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When is a conference talk not a conference talk?

Updated: May 16, 2023

A few years ago, I either read or heard some interesting advice from a highly respected colleague advising teachers giving a talk at a conference to do just that - give a talk! He pointed out that despite many language teachers' natural tendency towards interactive discursive sessions (i.e.: a classroom style, Socratic session), peers attending a conference want to listen to a talk - to hear the speaker share (preferably new) knowledge. A good example of this was Evan Frendo's opening plenary talk at this year's IATEFL conference in Harrogate; Evan presented a proper conference talk from which many people were able to learn about how we business English practitioners approach English language teaching for workplace purposes.

I reflected on the 'give a talk' advice at a time (c. 2017) when I was someone who felt uncomfortable standing in front of my peers at a conference, presuming to have something worth saying that would be of enough interest to listen with interruption for 20 minutes. My preference (comfort zone?) when giving conference talks is to involve my audience, to co-create knowledge and share experience. On the other hand, what that advice made sense. When I'm sitting in the audience, I want to sit, listen and learn. I want the experience we got from the conference auditorium in Harrogate.

What I do not want, however, is be subjected to content with which I'm already familiar and where the speaker makes no concession for the possibility that many in the audience might feel the same way. But how can the speaker be expected to know how much their audience might already know?

One clue is when the speaker looks out into the sea of expectant faces and recognises over 50% as colleagues! Knowing full well how experienced and knowledgeable these wonderful, supportive colleagues are, how to proceed with a talk pitched at early career teachers or the more experienced-but-new to business English professionals? Which way to go?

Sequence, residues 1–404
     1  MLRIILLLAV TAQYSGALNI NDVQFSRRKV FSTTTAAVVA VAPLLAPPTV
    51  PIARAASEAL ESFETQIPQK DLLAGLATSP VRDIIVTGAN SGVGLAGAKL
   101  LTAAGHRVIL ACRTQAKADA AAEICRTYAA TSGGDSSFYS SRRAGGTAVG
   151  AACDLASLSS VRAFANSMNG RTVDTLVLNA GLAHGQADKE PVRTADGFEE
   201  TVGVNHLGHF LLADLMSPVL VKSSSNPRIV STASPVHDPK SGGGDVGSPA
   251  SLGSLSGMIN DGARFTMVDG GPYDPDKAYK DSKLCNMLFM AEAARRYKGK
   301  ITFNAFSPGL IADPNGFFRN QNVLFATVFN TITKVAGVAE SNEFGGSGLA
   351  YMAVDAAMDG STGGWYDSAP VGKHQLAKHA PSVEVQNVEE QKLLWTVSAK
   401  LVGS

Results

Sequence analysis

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Stick to your guns and talk through the presentation as planned, or go off piste and make the session an interactional sharing of experiences - leveraging the expertise in the room rather than "teaching grandma how to suck eggs"?

At the IATEFL conference, the slot we had been assigned for our talk "What does it take to become a business English teacher?" was the penultimate one of the conference. So, we decided to take a spontaneous, go-with-the-flow approach. I went away from the formal presentation approach in consideration of the more experienced members of the audience; Ben presented the input intended for those less experienced people interested in finding out about how to become BE professional.

I'm not sure how well this worked in the end. Someone attending based on the abstract might have left feeling short-changed. However, if we'd stuck to the script, how many of the highly experienced BE professionals would have left feeling bored and uninformed?

Ultimately, we went with it - me jumping in and interrupting Ben with questions to the audience. Knowing what they were likely to contribute, i.e.: the "answers" to the prompts on the slides, I felt it a safe bet. From my perspective, there was a buzz of collective sharing of knowledge and experience. One person completely new to the BE profession, said to me afterwards he'd learnt more in our session than any other the entire conference. I like to think the approach Ben and I took to leverage the group expertise contributed to this person's positive experience. I also feel that such an approach is indicative of the way many of us like to run our BE training courses.

However, was this a "conference talk"? Not really. So in answer to the titular question, "when is a conference talk not a conference talk?" - when it's a collegial exchange session. Or what do you think? How would you define what a conference talk should be / what you would like it to be?

To make up for the lack of input for those who would have liked it, there is a copy of the slides we didn't manage to get through on the day below. Keep an eye open for an edited version of the video we made on the day. Once it's ready, anyone who didn't attend and can't quite imagine what went on in light of reading this blog post can watch it!

TDCI Presentation Slides
Download • 8.17MB

Finally, I send a heartfelt thanks to my colleague, friend and very patient co-presenter, Ben for going with the flow and letting me go so far off-piste. Cheers matey.

NB: Edited 8.5.2023 because I couldn't find a record of what I am sure I heard / read about the 'give a talk' advice. Knowing how unreliable memories can be, I've also left out mention of who I think offered the very wise advise ;-)

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May 11, 2023

I think the important thing is to make sure that you do what you promised you would do in your abstract. I spoke to several people in your audience (the "more experienced members of the audience") who said they were only there to "benchmark the competition". So kudos to you for making your competitors want to check you out! :-)

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